This article is for the PC version of Stellaris only.
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Technology in Stellaris is divided into 3 research areas with each area corresponding with one of the research resources: Engineering, Physics and Society. Additionally, each of the ~300 techs belongs to one of 12 subcategories divided between the areas (most appearing pre-dominantly in one area though not exclusively). Note: in 2.2 most building technologies are replaced with flat bonuses to specific jobs
The user interaction aspect utilizes a card shuffle approach rather than a traditional tech tree presentation, thereby introducing an element of semi-randomness into the system.
Research areas & fields
Please help with verifying or updating this section. It was last verified for version 2.2.
There are three different main research areas in-game, with each area corresponding with one of the research resources. Additionally, each research area has multiple subcategories, for a total of 12 such subcategories, and every tech belongs to one of these subcategories.
The areas and their subcategories are as follows:
- Biology: Bio Labs, food production, leader lifespan and policies, species modification, army types, some strategic resources.
- Military Theory: Fleet command limit, naval capacity, army buildings and statistics, claim cost.
- New Worlds: Tile blocker clearance, terraforming, starbase capacity, sector and core sector limits.
- Statecraft: Unity, edicts, leader pool and recruitment, planetary and empire capitals.
- Psionics: Exotic mid- to late- game technologies.
The card system
Please help with verifying or updating this section. It was last verified for version 2.0.
Although the underlying technology system is based on the familiar tech tree structure, it does away with its standard interaction/presentation in favor of the card shuffle approach. This injects a semi-random element into research, making it somewhat less predictable as well as more non-linear.
Whenever the player is prompted to initiate a research project, the game gives them a "hand of cards" consisting of a semi-random selection of technologies available for research which are picked randomly from a hidden "deck of cards" consisting of all valid research options that can appear.
Every time the player meets the requirements for a given technology to become obtainable, the technology in question is added into the main "card deck" and will then have a chance of appearing in the "card hand" whenever the game draws a new hand for the player to pick from. There are two basic parameters affecting a tech's chances of appearing in a given card hand:
- Tiers - Technologies are divided into 6 levels (T0 to T5) of advancement. Higher tier technologies require obtaining a certain number of technologies from the preceding tier in the same area of research (set at 6 for all tiers) before they become available as research alternatives.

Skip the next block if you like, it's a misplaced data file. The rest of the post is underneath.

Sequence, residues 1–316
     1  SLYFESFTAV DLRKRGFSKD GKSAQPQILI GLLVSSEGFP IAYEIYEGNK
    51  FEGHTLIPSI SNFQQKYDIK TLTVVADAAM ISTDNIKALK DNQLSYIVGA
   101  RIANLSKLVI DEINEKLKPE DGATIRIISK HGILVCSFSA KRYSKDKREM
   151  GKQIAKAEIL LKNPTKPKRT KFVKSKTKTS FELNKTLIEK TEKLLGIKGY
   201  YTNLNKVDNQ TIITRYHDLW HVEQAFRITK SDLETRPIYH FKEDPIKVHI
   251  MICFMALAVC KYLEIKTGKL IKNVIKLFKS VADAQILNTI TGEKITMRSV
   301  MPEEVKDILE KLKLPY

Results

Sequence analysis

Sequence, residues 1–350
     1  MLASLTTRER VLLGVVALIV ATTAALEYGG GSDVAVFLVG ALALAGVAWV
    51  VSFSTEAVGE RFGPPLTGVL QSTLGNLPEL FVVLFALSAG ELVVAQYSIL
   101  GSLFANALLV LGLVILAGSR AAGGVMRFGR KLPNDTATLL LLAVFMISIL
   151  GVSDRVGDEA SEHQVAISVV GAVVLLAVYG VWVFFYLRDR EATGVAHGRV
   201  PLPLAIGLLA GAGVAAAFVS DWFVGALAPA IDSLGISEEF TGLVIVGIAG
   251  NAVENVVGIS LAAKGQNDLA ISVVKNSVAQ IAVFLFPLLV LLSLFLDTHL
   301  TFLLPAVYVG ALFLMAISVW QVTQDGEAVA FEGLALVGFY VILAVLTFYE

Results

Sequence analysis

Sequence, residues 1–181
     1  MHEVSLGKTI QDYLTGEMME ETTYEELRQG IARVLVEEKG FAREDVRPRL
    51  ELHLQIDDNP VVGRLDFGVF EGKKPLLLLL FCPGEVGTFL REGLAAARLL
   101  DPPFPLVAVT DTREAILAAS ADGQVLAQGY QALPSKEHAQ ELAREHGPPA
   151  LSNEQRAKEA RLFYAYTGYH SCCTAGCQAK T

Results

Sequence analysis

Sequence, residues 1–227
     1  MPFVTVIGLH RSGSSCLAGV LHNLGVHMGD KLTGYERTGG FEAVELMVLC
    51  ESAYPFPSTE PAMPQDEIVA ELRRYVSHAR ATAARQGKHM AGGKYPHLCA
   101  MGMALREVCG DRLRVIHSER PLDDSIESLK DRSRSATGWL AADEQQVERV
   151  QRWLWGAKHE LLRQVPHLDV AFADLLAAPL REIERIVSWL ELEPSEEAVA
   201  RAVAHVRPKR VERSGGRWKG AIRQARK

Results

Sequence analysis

- Weight - A base value denoting the relative chance (out of all the valid options) of a particular technology to be drawn as an alternative. This may be further modified by an empire's composition (ethics, civics, and etc.) and its current state (scientist's traits, past tech, and etc.).
To further increase variation, a tech which appeared as an alternative in the previous card hand will have its weight halved in the next prompt.
The range of costs for technologies in each tier is as follows:
|1||500 - 1000||90 - 100|
|2||1500 - 2500||70 - 85|
|3||4000 - 6000||50 - 65|
|4||8000 - 12000||35 - 45|
|5||15000 - 20000||20 - 30|
As a general rule of thumb, the more advanced a technology is, the lower its weight (and the higher its cost).
Let's assume the game draws a card hand of 3 techs: Armored Torpedoes, Autocannons, and Orillium Extraction. Additionally, the lead engineering scientist has a Propulsion field expertise and the previous card hand had Autocannons as an available option.
If a tech were to be picked at random, then each tech's chances of being drawn would be 28.7%, 12.3%, and 59% respectively.
Note: Tiers, weights, and what modifiers affecting it are hidden parameters. That being said, an expertise in a tech's field is likely to increase its weight (and therefore appearance).
Each card hand drawn will contain 3 research alternatives. This may, however, be further increased with the following:
Additionally, some research cards may be gained as permanent alternatives. They appear below the regular alternatives and are distinguished from them by a golden border surrounding the tech card's bezel. These alternatives are usually acquired (along with some partial progress) through post-battle debris analysis, from special projects or event chains. These options will always appear as available options when drawing a new card hand and will remain as such until completed.